For a similar flavor profile, you can use a mix of soy sauce, a sweetener like honey or maple syrup, and a bit of ginger and garlic for depth.
Coconut aminos is a popular keto-friendly substitute for soy sauce, offering a similar umami flavor with fewer carbs and no gluten, making it ideal for low-carb diets.
Yes, soy sauce is allowed on keto in moderation. Opt for low-sodium versions to reduce carb intake and avoid adding unnecessary sugars to your keto diet.
A great substitute for brown sugar in teriyaki sauce is a keto-friendly sweetener like erythritol or monk fruit sweetener, giving a similar sweetness without the carbs.
More sugar free asian sauces you might like
Craving more sugar-free Asian sauce magic? We’ve got you covered with these mouthwatering options that promise to keep your meals exciting and your taste buds happy.
- Vietnamese Dipping Sauce (Nuoc Cham): A perfect blend of tangy, sweet, and spicy, this sauce is essential for Vietnamese salads, spring rolls, and grilled meats.
- Thai Dipping Sauce (Nam Jim Jaew): A smoky, spicy sauce with a hint of sweetness, ideal for grilled meats and sticky rice.
- Shacha Sauce: A savory, slightly spicy Taiwanese sauce with a hint of seafood flavor, great for stir-fries, noodles, hot pot, and barbecue.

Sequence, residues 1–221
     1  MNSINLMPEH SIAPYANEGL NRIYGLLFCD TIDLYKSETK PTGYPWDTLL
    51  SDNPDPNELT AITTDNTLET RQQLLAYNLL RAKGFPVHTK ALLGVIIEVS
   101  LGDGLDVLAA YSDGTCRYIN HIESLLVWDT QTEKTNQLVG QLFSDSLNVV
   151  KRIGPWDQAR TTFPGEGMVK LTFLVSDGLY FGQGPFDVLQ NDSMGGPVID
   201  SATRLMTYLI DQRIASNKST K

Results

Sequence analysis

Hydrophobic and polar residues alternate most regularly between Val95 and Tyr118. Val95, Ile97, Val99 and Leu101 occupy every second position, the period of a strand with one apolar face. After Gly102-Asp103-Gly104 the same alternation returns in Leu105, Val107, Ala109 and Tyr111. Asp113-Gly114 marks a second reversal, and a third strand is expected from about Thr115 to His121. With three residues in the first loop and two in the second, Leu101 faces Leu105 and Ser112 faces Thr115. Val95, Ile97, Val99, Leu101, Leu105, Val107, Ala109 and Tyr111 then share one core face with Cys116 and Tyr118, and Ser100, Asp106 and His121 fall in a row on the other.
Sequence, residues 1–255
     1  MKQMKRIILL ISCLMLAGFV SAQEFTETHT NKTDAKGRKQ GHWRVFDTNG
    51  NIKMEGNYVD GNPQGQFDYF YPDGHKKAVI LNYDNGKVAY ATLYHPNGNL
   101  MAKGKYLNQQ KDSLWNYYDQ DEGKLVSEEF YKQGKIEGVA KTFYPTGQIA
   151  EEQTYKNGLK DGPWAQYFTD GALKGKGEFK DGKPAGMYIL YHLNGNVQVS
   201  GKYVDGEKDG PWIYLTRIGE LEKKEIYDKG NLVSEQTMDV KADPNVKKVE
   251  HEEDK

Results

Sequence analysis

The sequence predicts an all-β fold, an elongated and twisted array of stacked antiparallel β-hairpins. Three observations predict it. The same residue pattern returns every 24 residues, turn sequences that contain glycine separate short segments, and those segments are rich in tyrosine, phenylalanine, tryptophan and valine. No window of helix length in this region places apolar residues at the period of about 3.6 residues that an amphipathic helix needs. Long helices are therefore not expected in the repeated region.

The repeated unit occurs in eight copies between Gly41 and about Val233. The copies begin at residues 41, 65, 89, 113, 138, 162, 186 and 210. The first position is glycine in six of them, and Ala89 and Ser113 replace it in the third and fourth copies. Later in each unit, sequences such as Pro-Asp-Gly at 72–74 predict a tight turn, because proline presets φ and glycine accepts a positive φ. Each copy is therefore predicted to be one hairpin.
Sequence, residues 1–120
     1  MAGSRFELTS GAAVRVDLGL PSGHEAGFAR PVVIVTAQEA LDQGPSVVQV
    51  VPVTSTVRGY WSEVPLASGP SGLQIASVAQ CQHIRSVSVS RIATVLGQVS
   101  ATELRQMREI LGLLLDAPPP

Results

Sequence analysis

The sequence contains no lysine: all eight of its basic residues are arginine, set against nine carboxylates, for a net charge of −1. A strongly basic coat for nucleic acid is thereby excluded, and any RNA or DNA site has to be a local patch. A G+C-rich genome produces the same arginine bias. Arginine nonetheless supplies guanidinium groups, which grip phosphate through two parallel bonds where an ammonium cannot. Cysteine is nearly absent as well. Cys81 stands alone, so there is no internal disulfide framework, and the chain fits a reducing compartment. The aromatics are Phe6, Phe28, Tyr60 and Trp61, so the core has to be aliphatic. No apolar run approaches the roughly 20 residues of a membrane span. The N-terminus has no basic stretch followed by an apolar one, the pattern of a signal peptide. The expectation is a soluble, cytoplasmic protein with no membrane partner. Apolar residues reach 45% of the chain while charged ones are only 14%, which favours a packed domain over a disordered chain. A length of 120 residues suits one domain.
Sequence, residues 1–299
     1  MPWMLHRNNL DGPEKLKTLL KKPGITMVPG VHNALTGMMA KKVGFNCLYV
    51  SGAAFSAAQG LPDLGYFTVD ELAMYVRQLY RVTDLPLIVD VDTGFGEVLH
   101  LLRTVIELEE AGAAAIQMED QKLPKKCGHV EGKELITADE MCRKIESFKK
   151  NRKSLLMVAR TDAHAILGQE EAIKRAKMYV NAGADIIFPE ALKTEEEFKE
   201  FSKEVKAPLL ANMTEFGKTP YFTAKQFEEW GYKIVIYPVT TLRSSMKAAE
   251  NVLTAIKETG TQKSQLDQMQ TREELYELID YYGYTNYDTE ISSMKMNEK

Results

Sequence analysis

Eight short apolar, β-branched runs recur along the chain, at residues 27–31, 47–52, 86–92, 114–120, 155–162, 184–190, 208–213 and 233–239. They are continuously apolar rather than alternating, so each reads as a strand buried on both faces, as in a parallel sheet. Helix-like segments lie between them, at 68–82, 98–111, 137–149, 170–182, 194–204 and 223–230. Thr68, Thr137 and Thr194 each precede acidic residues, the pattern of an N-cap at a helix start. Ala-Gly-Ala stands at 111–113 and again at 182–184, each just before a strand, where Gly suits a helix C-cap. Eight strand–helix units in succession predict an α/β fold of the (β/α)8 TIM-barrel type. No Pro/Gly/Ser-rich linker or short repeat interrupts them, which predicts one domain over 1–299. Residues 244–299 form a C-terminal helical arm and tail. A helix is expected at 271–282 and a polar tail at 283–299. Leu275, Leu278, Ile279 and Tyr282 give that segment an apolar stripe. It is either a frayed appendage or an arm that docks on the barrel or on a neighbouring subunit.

- Wonton Sauce: A sweet and spicy sauce with a garlic twist, perfect for dipping those delicious dumplings or drizzling over noodle dishes.
See my Top 20 Sauce for grilled chicken for more ideas!
Keto Teriyaki Sauce Recipe (Sugar Free, Low Carb, Easy)
- Combine ingredients: In a small to medium size pot, add ingredients from the coconut amino to the sweetener.
- Simmer: Give it a stir and cover the pot with a lid. Bring it to a gentle simmer (not boiling) over medium-low heat, about 3 minutes.
- Thicken: Slowly and gradually sprinkle in the xanthan gum little-by-little while whisking the simmering sauce at the same time. The sauce will thicken pretty quickly.
- Enjoy: Turn off the heat. Let the sauce cool to room temperature before packing it to a mason jar. Taste and adjust with more sweetener. Store it in the fridge and best use it in 2-3 weeks.
- Flavor Adjustments: Coconut aminos are sweeter and less salty than soy sauce. Feel free to play with the sweetness or saltiness to your taste.
- Soy Sauce Swap: If you use soy sauce, remember it’s saltier. Adjust accordingly.
- Sweetness Level: This keto sauce is less sweet than the store-bought versions. Add more sweetener if you like it sweeter.
- Thickening Alternatives: You can use tapioca or arrowroot starch, but it’ll slightly up the carbs.
- Marinade Magic: Skip the xanthan gum if you’re using this as a marinade.
Simmer, Don’t Boil: To avoid bitterness and saltiness, simmer gently and avoid cooking it down too much.
- A Little Goes a Long Way: Be conservative with xanthan gum to avoid a jelly-like consistency.
- If use low sodium gluten-free tamari, the net carb is 1.
- Please note: Bragg’s liquid amino is NOT the same as Coconut Aminos. It does not taste the same and the ingredients are not the same. If you use liquid aminos, you will be changing my recipe and I cannot guarantee what it will taste like.
- Serving Suggestions: This versatile sauce pairs wonderfully with Tsukune (Japanese grilled chicken meatballs), Chicken Yakitori, Teriyaki chicken, grilled beef, and air fryer teriyaki salmon. It’s a game-changer for your keto-friendly culinary adventures!